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34 HASKINS & SELLS May Reminiscence By GEORGE WILKINSON, C. P. A. (Now and for many years a leader in accountancy affairs in this country) WE L L do I remember a cold, rainy Sunday evening when I met Mr. Haskins by previous appointment at the old Queen's Hotel in Manchester. It was after eight; the streets were unusually dark, as it was Sunday and the shop lights were out. The rain pelted down on the glass front of the hansom cab as it splashed along Oxford Street and Portland Street on the way to the Queen's Hotel. Mr. Haskins had arrived that afternoon from London, and that Sunday evening, late in September, 1902, was the only time he could give me to talk over my plans for federating the several societies of public accountants organized under state laws. As the hansom clattered over the wet Belgian blocks of Portland Street, and the rain played a ceaseless tattoo on the canvas- covered cab, I wondered what sort of a reception the Big Fellow would give to the idea. Lybrand and the Pennsylvania Association, Max Teichman and the Maryland fellows, Joe Goodloe and the Ohio bunch, Harvey Chase and the Bostonese, and all the other state society presidents had endorsed the plan of the Illinois Association, but what would the Heap-Big- Chief say to me? Well I knew that what Charles Waldo Haskins would say would go with the biggest society of them all. It was with some trepidation then that I jogged along to the promised interview. I had only met Mr. Haskins once or twice. I wondered whether he really would remember me. "Yes, sir, Mr. 'Askins is h'expecting you, sir," said the lift-boy. "Step in, sir, and I'll run you hup." A hearty welcome, a warm hand-shake, and a cheery coal fire awaited me in the Big Chief's sitting room. "Boy, take the gentleman's coat and umbrella. Sit down, Wilkinson. Rotten weather. Good of you to come down here tonight. Am tied up with appointments tomorrow. Must get back to London on the night train. You mentioned in your letter that you were over here to attend a Golden Wedding anniversary. How are the old folks?" Thus the Big Chief put an end to formality. Did he want to read over the tentative draft of the by-laws of the federation? He did not! Did he want to know what the other society presidents had said about it? He did not! "Never mind the details, Wilkinson; tell me what you want to do." I told him. It didn't take long to outline to a man whose vision was so clear the plan which the Illinois Association had brought forward to federate in one national body the several societies of public accountants in the United States. The short recital over, the answer came promptly: "Bully scheme, Wilkinson, let's do it. New York will come in." And so it was settled. What had looked so doubtful in the prospect seemed so easy in the fulfilment. The Big Chief's enthusiasm for the plan was one of the happiest memories of my visit to England. The rain had ceased and the cool washed air, through the open window of the cab, tasted good, as the little brown horse jogged briskly along the well-paved street on the three-mile drive to my parents' home. All doubt about the federation going through was ended.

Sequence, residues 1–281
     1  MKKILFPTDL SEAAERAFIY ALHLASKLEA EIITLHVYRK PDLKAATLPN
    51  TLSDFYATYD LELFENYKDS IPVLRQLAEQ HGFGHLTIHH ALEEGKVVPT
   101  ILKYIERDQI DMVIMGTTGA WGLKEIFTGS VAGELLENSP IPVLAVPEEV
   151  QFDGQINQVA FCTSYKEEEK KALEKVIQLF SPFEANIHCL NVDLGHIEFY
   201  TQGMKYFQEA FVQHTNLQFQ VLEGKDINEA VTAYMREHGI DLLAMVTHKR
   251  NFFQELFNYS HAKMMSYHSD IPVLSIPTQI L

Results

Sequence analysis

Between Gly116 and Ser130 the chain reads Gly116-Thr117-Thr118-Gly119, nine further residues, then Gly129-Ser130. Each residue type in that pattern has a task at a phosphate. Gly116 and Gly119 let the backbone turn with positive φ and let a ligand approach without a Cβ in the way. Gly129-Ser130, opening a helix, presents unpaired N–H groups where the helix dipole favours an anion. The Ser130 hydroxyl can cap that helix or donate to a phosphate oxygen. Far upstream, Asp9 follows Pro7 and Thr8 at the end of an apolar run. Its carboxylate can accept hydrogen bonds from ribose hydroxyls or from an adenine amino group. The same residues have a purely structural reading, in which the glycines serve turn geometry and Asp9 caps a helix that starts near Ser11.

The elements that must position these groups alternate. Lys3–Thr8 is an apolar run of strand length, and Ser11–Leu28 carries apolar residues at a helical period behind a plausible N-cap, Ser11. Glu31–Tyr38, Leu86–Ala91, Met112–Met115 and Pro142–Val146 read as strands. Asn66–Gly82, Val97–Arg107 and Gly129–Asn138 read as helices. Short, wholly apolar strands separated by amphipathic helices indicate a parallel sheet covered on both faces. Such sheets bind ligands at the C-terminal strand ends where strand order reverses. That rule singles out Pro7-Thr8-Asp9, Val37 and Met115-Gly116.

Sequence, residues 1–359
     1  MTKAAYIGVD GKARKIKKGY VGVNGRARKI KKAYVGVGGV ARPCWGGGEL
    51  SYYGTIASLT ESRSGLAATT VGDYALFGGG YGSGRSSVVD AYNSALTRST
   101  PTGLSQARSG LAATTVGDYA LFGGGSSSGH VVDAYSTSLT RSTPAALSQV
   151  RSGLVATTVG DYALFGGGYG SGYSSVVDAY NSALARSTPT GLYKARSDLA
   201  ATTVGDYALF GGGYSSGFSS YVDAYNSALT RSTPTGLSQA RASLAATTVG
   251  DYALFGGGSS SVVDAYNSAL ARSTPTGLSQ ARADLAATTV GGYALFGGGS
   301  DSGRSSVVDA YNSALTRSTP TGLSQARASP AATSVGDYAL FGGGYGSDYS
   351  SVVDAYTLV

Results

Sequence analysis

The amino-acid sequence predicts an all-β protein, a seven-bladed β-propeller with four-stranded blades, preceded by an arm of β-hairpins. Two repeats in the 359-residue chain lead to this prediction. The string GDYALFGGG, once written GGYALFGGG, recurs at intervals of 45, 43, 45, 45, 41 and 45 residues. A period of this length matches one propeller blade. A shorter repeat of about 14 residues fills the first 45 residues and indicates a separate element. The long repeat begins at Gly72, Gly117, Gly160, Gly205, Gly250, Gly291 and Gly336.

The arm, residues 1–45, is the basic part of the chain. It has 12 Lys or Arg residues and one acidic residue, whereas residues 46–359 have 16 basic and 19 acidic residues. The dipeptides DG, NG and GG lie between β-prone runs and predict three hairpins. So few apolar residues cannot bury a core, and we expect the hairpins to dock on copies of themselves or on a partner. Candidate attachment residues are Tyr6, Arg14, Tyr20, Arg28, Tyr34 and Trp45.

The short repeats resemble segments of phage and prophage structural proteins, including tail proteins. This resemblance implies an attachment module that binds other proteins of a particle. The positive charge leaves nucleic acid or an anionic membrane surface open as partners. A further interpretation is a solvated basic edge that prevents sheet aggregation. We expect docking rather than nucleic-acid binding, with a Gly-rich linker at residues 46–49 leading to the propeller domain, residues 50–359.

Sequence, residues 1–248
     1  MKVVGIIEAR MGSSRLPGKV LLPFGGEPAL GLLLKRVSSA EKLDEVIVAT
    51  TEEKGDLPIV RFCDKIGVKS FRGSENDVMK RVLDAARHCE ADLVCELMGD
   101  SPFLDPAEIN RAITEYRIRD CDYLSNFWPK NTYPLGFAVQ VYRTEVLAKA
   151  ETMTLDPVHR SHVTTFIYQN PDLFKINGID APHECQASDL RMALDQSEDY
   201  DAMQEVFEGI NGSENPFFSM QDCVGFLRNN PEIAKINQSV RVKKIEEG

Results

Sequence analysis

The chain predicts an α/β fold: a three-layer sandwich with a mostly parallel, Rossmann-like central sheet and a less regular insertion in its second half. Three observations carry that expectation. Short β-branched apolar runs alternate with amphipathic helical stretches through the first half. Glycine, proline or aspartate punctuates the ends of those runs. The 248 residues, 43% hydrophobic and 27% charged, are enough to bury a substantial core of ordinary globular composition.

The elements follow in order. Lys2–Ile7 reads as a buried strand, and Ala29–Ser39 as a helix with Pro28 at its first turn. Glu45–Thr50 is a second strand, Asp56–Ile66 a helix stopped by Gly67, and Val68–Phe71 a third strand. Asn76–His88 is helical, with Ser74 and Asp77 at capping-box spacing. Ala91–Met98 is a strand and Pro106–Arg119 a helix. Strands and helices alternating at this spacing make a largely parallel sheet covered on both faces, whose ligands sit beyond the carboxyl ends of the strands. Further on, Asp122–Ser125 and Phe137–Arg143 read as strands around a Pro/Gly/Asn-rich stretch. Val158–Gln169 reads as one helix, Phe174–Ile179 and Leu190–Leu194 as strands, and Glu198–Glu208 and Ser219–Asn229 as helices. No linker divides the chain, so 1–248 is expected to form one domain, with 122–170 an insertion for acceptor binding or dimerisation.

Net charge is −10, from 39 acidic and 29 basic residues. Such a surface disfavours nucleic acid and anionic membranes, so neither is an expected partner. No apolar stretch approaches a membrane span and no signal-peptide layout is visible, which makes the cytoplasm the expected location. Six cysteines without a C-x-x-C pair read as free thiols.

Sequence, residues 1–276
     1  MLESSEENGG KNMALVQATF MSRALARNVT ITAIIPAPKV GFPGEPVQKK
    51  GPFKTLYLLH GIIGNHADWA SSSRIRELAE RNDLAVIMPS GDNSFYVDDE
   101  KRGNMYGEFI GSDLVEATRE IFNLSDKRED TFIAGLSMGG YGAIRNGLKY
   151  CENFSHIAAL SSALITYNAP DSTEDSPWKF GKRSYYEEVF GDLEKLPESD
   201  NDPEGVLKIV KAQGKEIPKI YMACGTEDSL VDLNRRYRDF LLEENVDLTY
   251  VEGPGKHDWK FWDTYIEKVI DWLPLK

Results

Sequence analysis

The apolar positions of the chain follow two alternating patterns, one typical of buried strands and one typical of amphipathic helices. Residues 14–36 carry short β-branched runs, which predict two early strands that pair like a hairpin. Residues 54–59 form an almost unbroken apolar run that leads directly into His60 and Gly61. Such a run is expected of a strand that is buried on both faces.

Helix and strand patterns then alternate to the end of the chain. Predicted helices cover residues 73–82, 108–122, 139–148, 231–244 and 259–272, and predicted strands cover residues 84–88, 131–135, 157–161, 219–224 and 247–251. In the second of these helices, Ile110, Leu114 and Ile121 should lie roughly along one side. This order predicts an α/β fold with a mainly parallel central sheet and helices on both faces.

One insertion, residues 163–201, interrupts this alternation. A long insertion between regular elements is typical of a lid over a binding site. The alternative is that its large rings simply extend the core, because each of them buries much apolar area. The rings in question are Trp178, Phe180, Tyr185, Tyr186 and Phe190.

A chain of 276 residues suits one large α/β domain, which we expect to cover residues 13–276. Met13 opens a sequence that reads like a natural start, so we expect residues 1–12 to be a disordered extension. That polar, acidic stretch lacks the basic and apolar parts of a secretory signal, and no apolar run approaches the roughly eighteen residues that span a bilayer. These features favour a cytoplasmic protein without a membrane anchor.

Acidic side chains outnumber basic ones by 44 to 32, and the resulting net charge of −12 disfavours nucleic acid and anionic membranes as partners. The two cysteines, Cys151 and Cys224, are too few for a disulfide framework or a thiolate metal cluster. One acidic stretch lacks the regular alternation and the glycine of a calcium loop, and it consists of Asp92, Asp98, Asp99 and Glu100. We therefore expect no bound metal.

Federation of Societies of Public Accountants in the United States of America
Haskins, Charles Waldo, 1852-1903
Lybran, William M.
Goodloe, J.S. Morris, 1869-
Chase, Harvey S. (Harvey Stuart), 1861-1946
Haskins & Sells Bulletin, Vol. 06, no. 05 (1923 May), p. 34
|Source||Originally published by: Haskins & Sells|
|Collection||Deloitte Digital Collection|
|Digital Publisher||University of Mississippi Libraries. Accounting Collection|
|Identifier||HS Bulletin 6-p34|